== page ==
The people of the period of the game ate much more of the parts of the animals they slaughtered than do most mainstream modern folk, as well, from entrails, blood, and brains, to making gelatin from hooves, blood sausages and puddings, and the scrapple still popular in some parts of the US today. They also ate many creatures which modern folk no longer bother with, and even more which most modern folk would simply abhor. The feasts that the PC’s may encounter during the course of the game may include such beasts as peacocks, swans, cranes, larks, partridge, woodcock, and plover, as well as suckling pigs, the famous holiday boar’s head, and the obligatory venison, fresh from the forest. Doves and pigeons (squab) are a mainstay among the clergy and nobility, for whom they are reserved and protected in the same manner as deer, belonging to the lords of the manors. As many as 700 pigeons might be consumed on a single manor in a year, and there will be hardly a manor to be found without its tall dovecote.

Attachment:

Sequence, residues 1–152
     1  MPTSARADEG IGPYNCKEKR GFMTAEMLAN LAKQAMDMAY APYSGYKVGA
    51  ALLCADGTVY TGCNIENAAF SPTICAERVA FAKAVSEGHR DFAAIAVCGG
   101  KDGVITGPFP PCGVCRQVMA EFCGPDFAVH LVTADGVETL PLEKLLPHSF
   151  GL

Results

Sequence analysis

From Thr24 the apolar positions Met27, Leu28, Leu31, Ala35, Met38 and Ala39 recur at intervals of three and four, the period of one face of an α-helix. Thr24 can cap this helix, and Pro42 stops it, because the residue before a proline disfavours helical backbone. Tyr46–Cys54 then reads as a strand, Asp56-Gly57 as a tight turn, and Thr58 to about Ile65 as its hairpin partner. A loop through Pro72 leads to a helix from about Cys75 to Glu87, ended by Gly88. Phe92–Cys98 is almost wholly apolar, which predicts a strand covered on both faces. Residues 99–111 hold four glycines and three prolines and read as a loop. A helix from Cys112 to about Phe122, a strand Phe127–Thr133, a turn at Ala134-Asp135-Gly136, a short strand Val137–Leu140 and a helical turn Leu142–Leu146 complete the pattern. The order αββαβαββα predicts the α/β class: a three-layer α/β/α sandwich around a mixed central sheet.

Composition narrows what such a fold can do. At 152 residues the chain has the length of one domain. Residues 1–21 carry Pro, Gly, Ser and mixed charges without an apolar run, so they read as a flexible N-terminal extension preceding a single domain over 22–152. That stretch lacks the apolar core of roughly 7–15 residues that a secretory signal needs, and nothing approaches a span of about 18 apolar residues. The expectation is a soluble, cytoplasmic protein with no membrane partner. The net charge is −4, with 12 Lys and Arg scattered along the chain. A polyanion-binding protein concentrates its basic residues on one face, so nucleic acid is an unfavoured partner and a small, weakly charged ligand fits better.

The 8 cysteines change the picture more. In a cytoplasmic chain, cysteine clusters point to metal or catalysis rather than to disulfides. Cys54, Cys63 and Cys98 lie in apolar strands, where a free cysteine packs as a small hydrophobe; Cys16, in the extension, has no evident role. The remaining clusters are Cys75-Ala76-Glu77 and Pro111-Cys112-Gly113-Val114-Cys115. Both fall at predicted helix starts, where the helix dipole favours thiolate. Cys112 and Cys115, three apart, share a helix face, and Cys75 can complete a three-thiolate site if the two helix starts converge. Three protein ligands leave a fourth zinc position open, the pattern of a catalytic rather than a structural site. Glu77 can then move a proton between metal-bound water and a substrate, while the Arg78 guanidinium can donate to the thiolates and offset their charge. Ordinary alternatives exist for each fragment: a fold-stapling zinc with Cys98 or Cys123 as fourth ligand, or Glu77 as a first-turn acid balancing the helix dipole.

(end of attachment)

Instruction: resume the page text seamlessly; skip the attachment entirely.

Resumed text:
The common folk have their chickens and capons, rabbits, or the larger hares, ducks, geese, mutton, pork and beef on occasion, though the last two are the most expensive. Starlings, curlew, gulls, herons, bitterns, storks, cormorants, and even vultures are known to the peoples’ dinner tables as well, and just about every kind of fish is eaten. Herring is about the most common, salmon, sardines, mackerel, haddock, stockfish (cod), and tuna (fresh, salted, and dried) are also eaten regularly, as well as such things as porpoises, seals, dogfish, and whale. Lamprey, freshwater eels, and perch are normally reserved for the dinner tables of clergy and nobility, also.
No house is without its own little garden, sometimes not so little by modern standards, space permitting. Vegetables, flowers and herbs are all thrown in together willy-nilly, with little regard for type. . Lettuce, shallots, beets and scallions are all common to household gardens everywhere, as are cabbage, onions, leeks, sorrel, and mountain spinach. Turnips are considered commoners’ fare, and so are found in the gardens of free commoners and the landbound commoners.